Screenshot of GTeam [9]
GT could potentially go a step further by integrating raw material sourcing into the GTeam platform to optimize design specifications and costs, and by expanding the GTeam collaboration platform to other industries necessitating the sharing of information in a track-able fashion, such as law firms, educational institutions, or electronics manufacturers. Real time tracking of materials and progress could also add to the platform.

GT disrupted the architectural industry by creating innovative software that made building designs more efficient, accurate, and cost effective. By shortening the design chain and providing a collaboration platform for engineers, architects, and contractors, GT facilitated innovation and changed the way that architecture firms provide value not just to customers, but to competing firms and contractors.


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Text Sources













Image Sources:

[1] Cover Photo:





[6] Ibid.

[7] Ibid.

[8] Ibid.

[9] Ibid.



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Student comments on From Paper to Parametric Vectors: Gehry’s Transformation of Architectural Modeling

  1. Thanks for the architecture article (I enjoy the subject). While Gehry Technologies pioneered the use of collaborative software in the architecture and structural engineering space, it could really be applied in any design capacity to streamline the design process. The ability to design a physical product in a team must require a great deal of work on many separate aspects of the product design. I would imagine that sometimes the component that one designer is creating could be incompatible with an adjacent component if the two designers are not communicating. I think having everyone linked to the same “master” design file such as the one that GT is using with their software program would really eliminate this sort of miscommunication and wasted effort.

  2. Ariana, you forgot to mention the Art Gallery of Ontario! Just kidding (though, it is another beautiful design by Gehry). I’ve often marvelled at Gehry’s architecture around the world and wondered how he managed to create such intricate and unusual designs. It’s fascinating that his team were the first to leverage this tool and that it enabled them to build the Barcelona fish in just 6 months. As I was reading more about the topic, I noticed that Gehry just made the program available to the public within the last few years. It’s a great thing he did because now the world will benefit from other architects who can pair their creativity with the cost-savings capabilities of this incredible tool. Hopefully, as more architects adopt technologies like these, we will see much more variation and originality in buildings constructed.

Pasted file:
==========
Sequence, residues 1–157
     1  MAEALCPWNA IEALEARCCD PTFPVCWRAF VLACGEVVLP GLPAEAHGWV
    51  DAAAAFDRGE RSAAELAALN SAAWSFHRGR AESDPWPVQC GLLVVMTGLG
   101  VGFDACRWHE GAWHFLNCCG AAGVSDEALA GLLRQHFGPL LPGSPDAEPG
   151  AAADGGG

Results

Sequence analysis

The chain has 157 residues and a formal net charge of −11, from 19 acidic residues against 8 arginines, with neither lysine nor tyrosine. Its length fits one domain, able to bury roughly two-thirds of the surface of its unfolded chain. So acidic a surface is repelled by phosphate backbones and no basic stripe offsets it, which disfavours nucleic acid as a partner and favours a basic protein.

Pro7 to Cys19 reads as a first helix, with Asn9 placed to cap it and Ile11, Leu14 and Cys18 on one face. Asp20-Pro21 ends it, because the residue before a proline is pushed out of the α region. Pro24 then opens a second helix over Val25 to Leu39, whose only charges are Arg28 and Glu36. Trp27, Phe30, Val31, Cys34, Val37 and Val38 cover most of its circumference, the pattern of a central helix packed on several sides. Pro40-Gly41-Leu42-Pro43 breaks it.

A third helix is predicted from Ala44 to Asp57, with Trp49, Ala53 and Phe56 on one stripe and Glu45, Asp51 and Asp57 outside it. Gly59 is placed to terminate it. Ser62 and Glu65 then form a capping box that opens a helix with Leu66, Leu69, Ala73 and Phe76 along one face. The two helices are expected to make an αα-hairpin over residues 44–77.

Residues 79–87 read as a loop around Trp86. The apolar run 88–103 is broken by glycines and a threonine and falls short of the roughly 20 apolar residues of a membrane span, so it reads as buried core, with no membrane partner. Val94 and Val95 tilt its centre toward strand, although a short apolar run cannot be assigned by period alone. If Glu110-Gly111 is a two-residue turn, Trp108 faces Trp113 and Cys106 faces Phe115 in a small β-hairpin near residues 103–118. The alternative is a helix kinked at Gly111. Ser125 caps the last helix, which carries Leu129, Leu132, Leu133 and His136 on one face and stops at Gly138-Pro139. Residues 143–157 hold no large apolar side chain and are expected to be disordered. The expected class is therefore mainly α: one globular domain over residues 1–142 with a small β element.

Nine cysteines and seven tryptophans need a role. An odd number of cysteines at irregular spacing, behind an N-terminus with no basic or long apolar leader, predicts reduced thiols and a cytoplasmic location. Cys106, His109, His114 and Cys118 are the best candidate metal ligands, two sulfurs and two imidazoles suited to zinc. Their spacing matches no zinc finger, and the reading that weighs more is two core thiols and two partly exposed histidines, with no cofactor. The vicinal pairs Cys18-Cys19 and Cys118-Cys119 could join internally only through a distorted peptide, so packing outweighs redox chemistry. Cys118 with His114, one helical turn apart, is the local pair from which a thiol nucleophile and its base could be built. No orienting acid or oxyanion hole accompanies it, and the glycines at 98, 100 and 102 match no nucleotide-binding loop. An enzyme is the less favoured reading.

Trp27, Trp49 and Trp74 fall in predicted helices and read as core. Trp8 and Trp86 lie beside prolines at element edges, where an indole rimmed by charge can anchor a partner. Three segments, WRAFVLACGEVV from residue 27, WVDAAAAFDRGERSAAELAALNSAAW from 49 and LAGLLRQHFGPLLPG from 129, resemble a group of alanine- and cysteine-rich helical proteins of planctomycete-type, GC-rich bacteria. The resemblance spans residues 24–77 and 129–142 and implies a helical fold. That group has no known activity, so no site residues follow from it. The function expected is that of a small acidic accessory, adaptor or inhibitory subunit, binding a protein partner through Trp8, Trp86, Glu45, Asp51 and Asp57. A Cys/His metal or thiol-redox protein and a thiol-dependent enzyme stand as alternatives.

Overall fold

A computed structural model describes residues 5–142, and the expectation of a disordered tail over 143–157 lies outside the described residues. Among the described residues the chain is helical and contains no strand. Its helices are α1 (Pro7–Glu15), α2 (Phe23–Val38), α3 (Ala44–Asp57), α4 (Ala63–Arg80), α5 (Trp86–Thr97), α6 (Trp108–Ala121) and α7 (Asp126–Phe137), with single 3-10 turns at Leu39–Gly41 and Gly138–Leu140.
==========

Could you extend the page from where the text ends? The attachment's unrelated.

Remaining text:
3. I am extremely interested in how architecture, construction and infrastructure design are being shaped by technological innovation, so very much enjoyed reading your post, Ariana.

    A lot of efficiency, time, money and productivity is lost in the communication between architects and construction companies. 80% of large scale construction projects go over budget and on average take 20% longer than forecasted. Employing 3D visualisation tools like CATIA in architecture therefore has huge benefits along the entire supply chain.

    In my research of how architects and construction industries can use technology more effectively, I came across the concept of Building Information Modelling (BIM) very frequently. BIM is a tool that allows the effective coordination and communication between different participants in the lifecycle of a design and construction project by capturing not only 3D models, but also relevant data for the construction process, progress updates and other information in one easily processable platform that can be shared between architects, developers, raw material suppliers and other stakeholders.

    Autodesk’s website is extremely interesting on this topic:

  4. Very interesting article, Ariana! For Japan’s construction for the Olympic stadium, the committee had to change the design this year because the original design voted for actually costed a lot more than what was anticipated at the time of the design.

    I like your suggestion on how the industry could try to incorporate raw costs into the designing technologies so clients could compare all aspects of the potential design when making a decision.

  5. Interesting article with some great applications of the topics we have been discussing in class. I think I was struck most the reduction in variability throughout the architectural ‘supply chain’ through greater information sharing on the CATIA platform. Allowing the early involvement of contractors in the design process and access to a common base model is a fascinating use of digital technology to reduce variability in an operations process, and I agree with Tom that the applications of CATIA to other industries heavily reliant on complex designs is significant. I also liked your recommendation to expand the platform to include raw material sourcing as a way of further increasing the flow of information across the platform. I think that other areas of improvement could include a meeting/facetime platform as well in order to offer contractors and designers the opportunity to engage in real-time collaboration through the same portal.